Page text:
(This is a sponsored post with MRANTI.)
ESG (Environmental, Social and Governance) has become a corporate buzzword widely discussed in boardrooms around the world.
However, a Alliance Bank 2023 Report noted that Malaysian SMEs may not be aware of the importance of adopting ESG principles, despite the government’s efforts.
This could indicate that SMEs may not have the best understanding of what practicing ESG actually means.
Naturally, small business owners may then wonder whether it is worth putting the effort into this exercise.
Thus, in collaboration with Malaysian Research Accelerator for Technology and Innovation (MRANTI), we reached out to three Malaysian startup CEOs who are practicing ESG in their companies to debunk some misconceptions on the subject.
They also shed light on how SMEs can achieve this without restructuring their businesses.
- Joshua Lim, co-founder and CEO of Bee baga startup that reduces plastic pollution by gamifying the use of reusable shopping bags;
- Dr. Raihan Musa, CEO of Exploriaa startup that educates children about the importance of environmental protection through STEM-based online learning, DIY kits, and field trips;
- Pennie Lim, founder and CEO of Homaa startup that recycles construction waste into sustainable and affordable building materials.
Misconception #1: ESG focuses only on environmental factors
Many may mistakenly think that ESG only focuses on the environmental factors of a company’s practices.
For this reason, SMEs may find the ESG approach intimidating, for fear of greenwashing.
In short, greenwashing occurs when a company intentionally or unintentionally misleads investors and consumers into believing that its product is more environmentally friendly than it actually is.
“ESG is not limited to environmental sustainability, but also involves treating consumers and employees well, promoting social impact and maintaining strong governance practices,” Dr. Raihan told Vulcan Post.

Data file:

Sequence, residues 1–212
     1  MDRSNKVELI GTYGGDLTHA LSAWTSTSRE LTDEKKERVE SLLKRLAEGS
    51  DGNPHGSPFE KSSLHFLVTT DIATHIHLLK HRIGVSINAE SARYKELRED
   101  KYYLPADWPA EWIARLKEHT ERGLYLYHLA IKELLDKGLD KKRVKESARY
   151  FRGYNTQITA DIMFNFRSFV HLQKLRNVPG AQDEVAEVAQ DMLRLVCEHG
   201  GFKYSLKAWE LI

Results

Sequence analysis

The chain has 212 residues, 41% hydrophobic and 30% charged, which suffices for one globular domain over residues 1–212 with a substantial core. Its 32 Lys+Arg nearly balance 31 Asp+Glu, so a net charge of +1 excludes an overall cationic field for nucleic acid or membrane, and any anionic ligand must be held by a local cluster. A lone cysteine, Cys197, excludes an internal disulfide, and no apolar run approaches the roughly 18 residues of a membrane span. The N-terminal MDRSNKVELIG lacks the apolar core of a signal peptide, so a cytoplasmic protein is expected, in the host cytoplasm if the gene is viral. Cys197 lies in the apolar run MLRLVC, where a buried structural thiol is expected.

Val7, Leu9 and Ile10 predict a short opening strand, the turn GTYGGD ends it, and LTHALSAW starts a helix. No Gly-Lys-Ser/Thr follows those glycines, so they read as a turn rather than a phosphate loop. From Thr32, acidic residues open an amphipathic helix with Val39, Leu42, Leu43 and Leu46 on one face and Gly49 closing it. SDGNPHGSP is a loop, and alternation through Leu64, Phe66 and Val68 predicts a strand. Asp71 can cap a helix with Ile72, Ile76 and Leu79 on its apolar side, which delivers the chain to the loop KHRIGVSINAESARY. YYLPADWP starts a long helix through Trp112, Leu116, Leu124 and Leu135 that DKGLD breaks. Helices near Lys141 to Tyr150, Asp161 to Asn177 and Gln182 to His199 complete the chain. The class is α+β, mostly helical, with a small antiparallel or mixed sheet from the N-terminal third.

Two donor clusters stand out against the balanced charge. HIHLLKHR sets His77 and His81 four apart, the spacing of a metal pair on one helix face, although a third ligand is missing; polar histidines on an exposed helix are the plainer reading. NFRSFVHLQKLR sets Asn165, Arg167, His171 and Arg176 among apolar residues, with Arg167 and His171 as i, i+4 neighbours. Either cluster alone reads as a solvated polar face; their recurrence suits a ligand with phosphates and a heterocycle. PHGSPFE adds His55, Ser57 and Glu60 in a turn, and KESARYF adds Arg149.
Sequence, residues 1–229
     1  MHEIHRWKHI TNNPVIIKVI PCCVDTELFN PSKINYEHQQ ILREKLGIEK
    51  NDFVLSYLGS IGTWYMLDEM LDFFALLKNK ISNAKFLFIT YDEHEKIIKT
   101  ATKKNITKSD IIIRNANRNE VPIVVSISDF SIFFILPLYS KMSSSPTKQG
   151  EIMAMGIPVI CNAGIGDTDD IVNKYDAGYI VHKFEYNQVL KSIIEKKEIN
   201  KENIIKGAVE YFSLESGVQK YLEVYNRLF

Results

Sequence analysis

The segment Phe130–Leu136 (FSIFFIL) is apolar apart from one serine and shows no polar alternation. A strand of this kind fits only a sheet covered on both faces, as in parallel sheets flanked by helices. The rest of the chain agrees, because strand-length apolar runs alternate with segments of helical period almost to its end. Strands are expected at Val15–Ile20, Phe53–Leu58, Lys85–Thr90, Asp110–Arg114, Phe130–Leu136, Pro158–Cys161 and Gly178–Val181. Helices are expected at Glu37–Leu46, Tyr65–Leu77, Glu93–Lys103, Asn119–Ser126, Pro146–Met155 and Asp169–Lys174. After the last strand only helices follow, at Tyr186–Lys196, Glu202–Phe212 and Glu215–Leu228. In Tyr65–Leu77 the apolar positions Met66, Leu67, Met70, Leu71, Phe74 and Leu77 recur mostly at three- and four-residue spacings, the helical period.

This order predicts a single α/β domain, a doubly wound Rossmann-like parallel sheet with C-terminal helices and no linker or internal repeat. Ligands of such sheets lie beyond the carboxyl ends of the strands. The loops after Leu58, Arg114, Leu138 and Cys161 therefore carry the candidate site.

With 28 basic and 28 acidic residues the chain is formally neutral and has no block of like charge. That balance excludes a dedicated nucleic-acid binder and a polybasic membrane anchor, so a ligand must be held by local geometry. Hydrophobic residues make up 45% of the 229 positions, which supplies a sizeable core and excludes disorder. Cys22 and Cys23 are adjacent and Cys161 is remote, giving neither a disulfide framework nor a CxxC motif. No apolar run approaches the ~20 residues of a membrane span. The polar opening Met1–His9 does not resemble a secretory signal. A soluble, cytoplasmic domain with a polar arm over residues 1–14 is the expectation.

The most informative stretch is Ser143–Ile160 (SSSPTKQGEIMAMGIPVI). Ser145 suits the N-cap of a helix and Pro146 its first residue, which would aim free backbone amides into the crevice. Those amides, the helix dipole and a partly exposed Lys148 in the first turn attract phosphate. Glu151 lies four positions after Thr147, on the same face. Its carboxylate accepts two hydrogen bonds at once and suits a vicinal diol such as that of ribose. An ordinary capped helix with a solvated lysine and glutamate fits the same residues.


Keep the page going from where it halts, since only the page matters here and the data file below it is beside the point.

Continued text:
Each aspect of ESG is assessed on a spectrum to show an organization’s commitment to mitigate external damage.
For example, environmental criteria explore a company’s commitment to preserving the environment through corporate policies targeting climate change.
Social criteria assess consideration of humans, evaluate policies that promote diversity, fair and decent wages and provide protection against sexual misconduct.
Finally, governance considers issues such as corporate transparency.
“At its core, I think what ESG is trying to achieve is to tell companies to focus not only on profits, but also to focus on creating a positive impact for the stakeholders they affect directly or indirectly,” Joshua explained.
Pennie views ESG as a comprehensive framework that guides his company’s practices and culture.
Misconception #2: My ESG efforts only count if I track all the metrics
“Adopting ESG practices doesn’t have to be an all-or-nothing effort,” Joshua said. “It is possible to start developing good ESG habits in incremental steps. »
All three interviewees said SMEs can start by focusing on specific areas that align with their values and businesses.
For example, Homa guarantees fair and equitable compensation to employees, while promoting a positive work environment.
“The key is to take a pragmatic and incremental approach, gradually integrating sustainable practices into company operations and culture,” Pennie said.
“Over time, as the benefits become evident, SMEs can strategically allocate resources to further improve their ESG practices. »
Misconception #3: ESG only applies to larger companies because they have a larger footprint
For SMEs, ESG may seem like a concern reserved for larger companies, as multinational companies have a greater impact on the environment and the people around them.
But based on the experiences of our interviewees, putting ESG into practice is something that can be implemented by all companies, regardless of size.
“Consumers increasingly prefer companies that align with their values and demonstrate a commitment to sustainability,” Joshua said.
“By adopting ESG practices, SMEs can attract environmentally and socially conscious customers, improve their brand reputation and gain a competitive advantage. »